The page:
Global markets for stocks, bonds, and oil have been roiled by rising fears among investors that recent moves by U.S. President Donald Trump have raised the odds of a trade war as well as a U.S. military conflict with Iran or North Korea.
Trump's appointment of John Bolton, who has called for military action against Iran and North Korea, as his top national security adviser helped fuel a sharp rise in global oil prices on March 23 amid fears that Iran's oil exports could be hit.
Premium-crude prices soared $1.24 to $70.15 a barrel in London trading, hitting a two-month high.
"It is difficult to find someone more hawkish than Bolton and almost impossible to find any article that does not associate his name with either 'war' or 'bomb,' and usually those words are also associated with 'Iran'," Olivier Jakob, an oil analyst at Petromatrix, said.
"Combined with the nomination of [CIA Director] Mike Pompeo, another hawk, at the State Department, most of the market will conclude that at the minimum the Iranian nuclear deal is dead," Jakob added.
"The only contrarian argument that we can find is that President Trump does not always listen to his advisers, but it is difficult to build a trading strategy based on that," he said.
CMC Markets analyst Michael Hewson told AFP that "the appointment of Mr. Bolton, who is no fan of the Iran nuclear deal, has prompted concern about renewed efforts to overturn the nuclear deal that has seen Iranian exports return to the market."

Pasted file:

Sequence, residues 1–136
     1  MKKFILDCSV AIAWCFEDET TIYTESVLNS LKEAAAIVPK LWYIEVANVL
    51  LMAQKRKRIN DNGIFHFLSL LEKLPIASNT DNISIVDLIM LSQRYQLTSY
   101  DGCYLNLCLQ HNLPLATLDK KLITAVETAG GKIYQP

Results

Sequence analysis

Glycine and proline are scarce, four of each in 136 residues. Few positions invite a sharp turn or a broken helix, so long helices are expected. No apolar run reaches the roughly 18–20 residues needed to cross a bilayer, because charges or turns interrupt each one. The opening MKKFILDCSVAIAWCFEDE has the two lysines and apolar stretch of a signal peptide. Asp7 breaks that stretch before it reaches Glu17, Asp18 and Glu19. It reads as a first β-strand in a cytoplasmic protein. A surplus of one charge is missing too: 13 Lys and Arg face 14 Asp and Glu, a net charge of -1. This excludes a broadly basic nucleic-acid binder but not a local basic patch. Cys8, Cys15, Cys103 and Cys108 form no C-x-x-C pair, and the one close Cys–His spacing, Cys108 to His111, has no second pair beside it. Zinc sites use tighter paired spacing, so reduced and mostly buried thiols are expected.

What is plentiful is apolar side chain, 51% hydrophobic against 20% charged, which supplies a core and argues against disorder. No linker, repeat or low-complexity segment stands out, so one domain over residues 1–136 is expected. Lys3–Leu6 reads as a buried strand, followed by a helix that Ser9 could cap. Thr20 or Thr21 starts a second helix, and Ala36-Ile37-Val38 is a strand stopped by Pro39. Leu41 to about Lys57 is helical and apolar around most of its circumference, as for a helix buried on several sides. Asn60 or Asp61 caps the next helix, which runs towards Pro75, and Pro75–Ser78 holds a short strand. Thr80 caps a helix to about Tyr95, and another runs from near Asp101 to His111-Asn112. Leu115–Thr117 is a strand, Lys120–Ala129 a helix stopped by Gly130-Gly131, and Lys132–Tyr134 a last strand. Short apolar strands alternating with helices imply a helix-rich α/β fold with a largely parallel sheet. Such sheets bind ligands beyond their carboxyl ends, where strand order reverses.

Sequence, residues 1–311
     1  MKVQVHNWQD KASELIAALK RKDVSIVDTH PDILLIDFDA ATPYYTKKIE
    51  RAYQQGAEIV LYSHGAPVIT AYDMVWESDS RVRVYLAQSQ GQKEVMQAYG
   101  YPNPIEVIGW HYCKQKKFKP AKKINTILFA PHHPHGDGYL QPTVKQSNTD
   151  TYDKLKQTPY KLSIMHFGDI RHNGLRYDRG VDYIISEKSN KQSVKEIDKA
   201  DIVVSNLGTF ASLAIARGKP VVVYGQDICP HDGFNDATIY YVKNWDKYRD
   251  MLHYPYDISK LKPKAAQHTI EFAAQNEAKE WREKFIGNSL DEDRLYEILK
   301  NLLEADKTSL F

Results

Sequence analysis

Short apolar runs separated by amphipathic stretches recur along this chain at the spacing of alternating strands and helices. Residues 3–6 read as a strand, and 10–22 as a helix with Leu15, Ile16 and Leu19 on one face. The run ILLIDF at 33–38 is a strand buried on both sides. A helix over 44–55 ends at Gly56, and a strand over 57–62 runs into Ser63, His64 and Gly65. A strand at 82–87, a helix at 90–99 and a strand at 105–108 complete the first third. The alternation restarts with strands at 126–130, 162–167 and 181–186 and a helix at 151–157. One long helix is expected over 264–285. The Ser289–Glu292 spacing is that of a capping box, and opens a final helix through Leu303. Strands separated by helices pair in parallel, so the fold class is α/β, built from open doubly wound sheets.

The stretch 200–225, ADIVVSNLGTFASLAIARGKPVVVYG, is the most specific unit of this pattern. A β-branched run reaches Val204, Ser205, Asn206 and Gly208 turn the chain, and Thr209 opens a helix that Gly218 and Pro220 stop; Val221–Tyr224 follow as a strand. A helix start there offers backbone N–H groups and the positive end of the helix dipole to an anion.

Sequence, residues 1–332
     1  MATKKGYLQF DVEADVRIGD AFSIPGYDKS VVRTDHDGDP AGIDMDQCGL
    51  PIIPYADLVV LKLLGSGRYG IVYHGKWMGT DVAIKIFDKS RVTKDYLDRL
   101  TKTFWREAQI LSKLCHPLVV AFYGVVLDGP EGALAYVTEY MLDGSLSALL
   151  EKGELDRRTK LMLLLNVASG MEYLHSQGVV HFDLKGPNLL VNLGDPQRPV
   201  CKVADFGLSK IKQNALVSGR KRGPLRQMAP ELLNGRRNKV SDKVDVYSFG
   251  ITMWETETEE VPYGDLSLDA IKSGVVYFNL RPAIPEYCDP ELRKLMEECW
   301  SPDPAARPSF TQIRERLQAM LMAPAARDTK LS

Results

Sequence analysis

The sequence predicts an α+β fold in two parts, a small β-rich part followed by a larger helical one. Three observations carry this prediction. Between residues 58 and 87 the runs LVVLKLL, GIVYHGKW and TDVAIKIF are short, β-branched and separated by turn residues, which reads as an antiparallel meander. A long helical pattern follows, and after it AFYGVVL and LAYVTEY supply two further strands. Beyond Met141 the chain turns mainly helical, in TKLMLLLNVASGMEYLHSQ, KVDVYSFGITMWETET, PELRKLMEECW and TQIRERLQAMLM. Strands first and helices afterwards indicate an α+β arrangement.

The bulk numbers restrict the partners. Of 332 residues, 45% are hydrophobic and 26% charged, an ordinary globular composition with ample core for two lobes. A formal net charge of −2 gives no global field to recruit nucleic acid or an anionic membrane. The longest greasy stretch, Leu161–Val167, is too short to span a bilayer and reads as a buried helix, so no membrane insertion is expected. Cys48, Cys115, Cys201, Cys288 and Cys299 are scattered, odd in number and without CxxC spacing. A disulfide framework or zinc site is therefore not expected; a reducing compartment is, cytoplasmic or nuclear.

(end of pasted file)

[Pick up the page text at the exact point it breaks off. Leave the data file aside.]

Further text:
The U.S. dollar also fell in global trading on March 23 amid fears that the appointment of Bolton will lead to military conflicts with Iran or North Korea.
Meanwhile, global stocks plummeted on March 23 as the threat of a trade war between the world's two largest economies loomed.
Trump on March 22 announced he will impose tariffs of up to $60 billion on exports from China, which prompted Beijing to warn that it may retaliate with tariffs on imports from the United States.
Major U.S. stock indexes lost around 2 percent of their value, capping their worst week in two years. Germany's DAX lost 1.8 percent and the French CAC-40 fell 1.4 percent.
Japan's benchmark Nikkei 225 index plunged 4.5 percent and South Korea's Kospi tumbled 3.2 percent. Hong Kong's Hang Seng lost 2.5 percent, while China's Shanghai Composite Index plummeted 3.64 percent.
A gauge of stocks across the world put out by MSCI fell nearly 2 percent and lost 3.4 percent of its value during the week.
"The equity markets are getting clobbered, which is not that surprising with fears of a trade war breaking out," Paul Fage, a TD Securities strategist, told Reuters.
Trump has also imposed tariffs on aluminum and steel imports from around the world, although he temporarily suspended the tariffs on members of the European Union and several other U.S. allies.
Trump on March 23 insisted that his tough policies were forcing trading partners to negotiate new trade deals more favorable to the United States.
But China and the EU warned Washington that they will not hold talks while being threatened. China said it did not want a trade war, but it would "fight to the end" if the United States started one.
China, which holds $1.2 trillion of Treasury bonds and is the largest foreign investor in U.S. Treasury debt, also said it would not rule out the possibility of scaling back purchases of U.S. bonds as one option for retaliating against Trump's tariffs.
The possibility China might halt or curtail its purchases of Treasury bonds, possibly causing a sharp rise in interest rates worldwide, has long been a fear among global investors.
The U.S. Treasury bond market has historically been considered a "safe haven" -- a safe place to put investments during times of global turmoil. It was one of the few financial markets where prices rose amid the turmoil of the past week.